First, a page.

Holiday - This is a holiday favorite
See our pound cake recipe for more on this. We use Edna Lewis' pound cake when we make this, but lately, we've just been serving the pound cake.
English Trifle Drover's
English Trifle Drover's (from Gourmet 6/81)
This is actually our variant of the Gourmet recipe Ń they make a GŽnoise batter cake while we use Edna Lewis's pound cakes. (For the record, their recipe uses 6 eggs, 1 cup sugar, which they beat after double boiling, 1 cup flour, 6 tbsp clarified butter, 1 tsp vanilla which they fold in, baked 20-25 minutes at 350ˇ). This sounds much lighter than the cakes we use and is clearly inferior.
Start with an Edna Lewis (Taste of Country Cooking) pound cake.
Cut up the cake into chunks and line a big pyrex bowl with them.
Sprinkle with raspberry framboise.
Add fresh raspberries or good raspberry preserves.
If there are any more cake chunks kind of fill in the cavity with them so you get a kind of bricks and mortar concoction.
According to Candace, this is not quite right. The pieces of pound cake should be covered with jam as they are used to line to bowl, kind of like mortar. Then (or is it before this) they should be soaked with framboise. The interior should not be filled with pound cake pieces like loose rubble, but rather, they should be used to form an inner lining and the creme anglaise should mainly fill the interior cavity. (1995)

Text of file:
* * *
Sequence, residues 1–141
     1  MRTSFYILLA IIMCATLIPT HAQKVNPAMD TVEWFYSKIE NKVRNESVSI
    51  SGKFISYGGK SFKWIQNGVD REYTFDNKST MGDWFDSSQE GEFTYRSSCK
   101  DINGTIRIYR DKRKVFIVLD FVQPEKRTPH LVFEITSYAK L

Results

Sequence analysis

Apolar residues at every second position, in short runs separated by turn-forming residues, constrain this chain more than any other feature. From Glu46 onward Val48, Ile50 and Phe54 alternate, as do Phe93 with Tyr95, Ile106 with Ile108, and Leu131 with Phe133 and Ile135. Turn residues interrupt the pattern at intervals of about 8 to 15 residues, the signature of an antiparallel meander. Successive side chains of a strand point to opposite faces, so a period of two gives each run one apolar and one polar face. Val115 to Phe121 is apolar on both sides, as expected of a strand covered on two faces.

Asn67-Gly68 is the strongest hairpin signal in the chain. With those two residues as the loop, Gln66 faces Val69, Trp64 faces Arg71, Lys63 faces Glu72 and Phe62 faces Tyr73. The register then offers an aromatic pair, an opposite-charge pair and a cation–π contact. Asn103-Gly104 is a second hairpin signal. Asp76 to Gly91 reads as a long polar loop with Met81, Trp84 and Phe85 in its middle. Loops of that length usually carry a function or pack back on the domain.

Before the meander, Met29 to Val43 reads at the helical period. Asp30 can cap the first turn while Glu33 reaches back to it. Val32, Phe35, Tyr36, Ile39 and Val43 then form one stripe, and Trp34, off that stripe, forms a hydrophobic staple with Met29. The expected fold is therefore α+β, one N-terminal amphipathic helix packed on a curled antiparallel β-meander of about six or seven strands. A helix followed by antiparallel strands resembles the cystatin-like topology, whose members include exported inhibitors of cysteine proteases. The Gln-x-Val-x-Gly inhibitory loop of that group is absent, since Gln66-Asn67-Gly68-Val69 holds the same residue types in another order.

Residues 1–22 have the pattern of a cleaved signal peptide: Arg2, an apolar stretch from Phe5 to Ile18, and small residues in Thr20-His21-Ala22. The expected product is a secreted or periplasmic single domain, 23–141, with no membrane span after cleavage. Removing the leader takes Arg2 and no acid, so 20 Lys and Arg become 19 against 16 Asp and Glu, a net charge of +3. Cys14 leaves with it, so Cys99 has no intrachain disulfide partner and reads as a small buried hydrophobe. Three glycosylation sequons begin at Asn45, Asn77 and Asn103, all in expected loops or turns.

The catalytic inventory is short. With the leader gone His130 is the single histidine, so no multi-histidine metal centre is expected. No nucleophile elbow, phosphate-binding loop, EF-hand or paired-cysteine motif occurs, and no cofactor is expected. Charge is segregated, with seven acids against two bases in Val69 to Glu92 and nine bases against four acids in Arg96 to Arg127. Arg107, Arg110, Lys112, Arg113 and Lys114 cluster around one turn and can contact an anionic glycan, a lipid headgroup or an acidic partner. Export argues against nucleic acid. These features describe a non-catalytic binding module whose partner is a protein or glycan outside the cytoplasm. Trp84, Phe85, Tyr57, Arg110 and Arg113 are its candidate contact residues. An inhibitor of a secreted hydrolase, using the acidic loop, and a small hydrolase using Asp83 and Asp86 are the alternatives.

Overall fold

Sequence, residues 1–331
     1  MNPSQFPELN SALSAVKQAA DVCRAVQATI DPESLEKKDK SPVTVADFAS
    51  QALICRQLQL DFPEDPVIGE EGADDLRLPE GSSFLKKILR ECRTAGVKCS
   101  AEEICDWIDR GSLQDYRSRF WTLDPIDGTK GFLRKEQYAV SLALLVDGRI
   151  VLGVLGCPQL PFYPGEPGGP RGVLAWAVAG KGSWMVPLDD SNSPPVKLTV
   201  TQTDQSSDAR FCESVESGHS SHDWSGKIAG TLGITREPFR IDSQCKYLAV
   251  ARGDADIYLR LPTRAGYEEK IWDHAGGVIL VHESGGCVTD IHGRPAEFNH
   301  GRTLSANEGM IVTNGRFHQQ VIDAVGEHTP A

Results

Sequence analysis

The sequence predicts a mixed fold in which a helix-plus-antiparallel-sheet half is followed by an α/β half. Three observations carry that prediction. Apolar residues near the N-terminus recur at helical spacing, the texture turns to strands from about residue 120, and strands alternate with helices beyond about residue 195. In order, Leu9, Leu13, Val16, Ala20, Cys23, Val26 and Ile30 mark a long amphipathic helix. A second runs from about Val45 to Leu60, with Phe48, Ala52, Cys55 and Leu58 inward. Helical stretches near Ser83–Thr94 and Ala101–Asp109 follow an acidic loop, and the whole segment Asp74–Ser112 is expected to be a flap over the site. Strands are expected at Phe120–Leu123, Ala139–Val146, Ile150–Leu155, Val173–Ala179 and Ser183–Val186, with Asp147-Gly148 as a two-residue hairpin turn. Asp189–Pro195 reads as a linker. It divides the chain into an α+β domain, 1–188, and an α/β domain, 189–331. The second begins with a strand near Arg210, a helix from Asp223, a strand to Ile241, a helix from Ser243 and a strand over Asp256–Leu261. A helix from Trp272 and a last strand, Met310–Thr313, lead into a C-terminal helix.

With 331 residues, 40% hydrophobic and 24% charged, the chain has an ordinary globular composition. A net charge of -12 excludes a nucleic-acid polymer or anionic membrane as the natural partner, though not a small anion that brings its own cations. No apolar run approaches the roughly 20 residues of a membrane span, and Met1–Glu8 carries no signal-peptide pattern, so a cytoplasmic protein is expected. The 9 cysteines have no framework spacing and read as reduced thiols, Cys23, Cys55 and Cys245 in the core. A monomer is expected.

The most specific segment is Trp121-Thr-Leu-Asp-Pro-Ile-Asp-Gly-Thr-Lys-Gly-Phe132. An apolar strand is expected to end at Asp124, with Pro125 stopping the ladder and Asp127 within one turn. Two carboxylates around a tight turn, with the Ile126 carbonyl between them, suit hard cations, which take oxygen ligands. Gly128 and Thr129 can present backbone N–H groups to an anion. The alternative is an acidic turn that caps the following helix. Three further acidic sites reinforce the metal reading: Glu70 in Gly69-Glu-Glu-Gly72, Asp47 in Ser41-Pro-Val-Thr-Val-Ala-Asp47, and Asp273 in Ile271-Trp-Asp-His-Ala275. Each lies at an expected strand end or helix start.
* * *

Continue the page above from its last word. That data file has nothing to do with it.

Here we have deviated again since they use 3/4 lb raspberries plus 1/4 lb more worked in a food processor and we are willing to use good preserves. They use sherry, we use framboise. However, their recipe for Custard Sauce is what makes the dish and is as follows:
Whisk 6 large egg yolks with 3 tbsp sugar until light and it ribbons when the whisk is lifted. Add in a stream of 1 cup each scalded milk and light cream, stirring, transfer the custard to a heavy sauce pan and cook it over moderately low heat, stirring, until it thickens, but do not let it boil. Remove the pan from the heat and stir in 1 tsp vanilla.
Then chill the custard separately, we pour it over the bricks and mortar of pound cake and preserves. They also finish differently, covering their trifle with heavy cream, chocolate, walnuts and the entire contents of a lava lamp. We sometimes make a pattern with drizzled raspberry, perhaps rings cut to form stars with a knife or we just put some raspberries on it. Neither of these steps are necessary.